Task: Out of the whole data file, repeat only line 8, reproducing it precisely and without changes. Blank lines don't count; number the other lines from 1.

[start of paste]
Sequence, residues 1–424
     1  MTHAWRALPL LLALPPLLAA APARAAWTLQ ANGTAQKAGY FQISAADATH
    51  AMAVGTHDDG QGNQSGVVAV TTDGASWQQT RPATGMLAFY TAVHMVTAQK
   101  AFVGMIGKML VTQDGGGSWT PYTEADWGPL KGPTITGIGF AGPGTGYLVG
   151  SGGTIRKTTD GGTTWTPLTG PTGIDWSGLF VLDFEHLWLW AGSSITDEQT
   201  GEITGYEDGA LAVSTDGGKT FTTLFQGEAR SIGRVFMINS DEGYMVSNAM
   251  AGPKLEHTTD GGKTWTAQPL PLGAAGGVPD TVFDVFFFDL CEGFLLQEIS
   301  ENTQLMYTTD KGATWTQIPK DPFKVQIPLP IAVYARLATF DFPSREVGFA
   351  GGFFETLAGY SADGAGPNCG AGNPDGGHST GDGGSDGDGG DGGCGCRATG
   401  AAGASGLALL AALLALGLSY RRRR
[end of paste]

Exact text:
   301  ENTQLMYTTD KGATWTQIPK DPFKVQIPLP IAVYARLATF DFPSREVGFA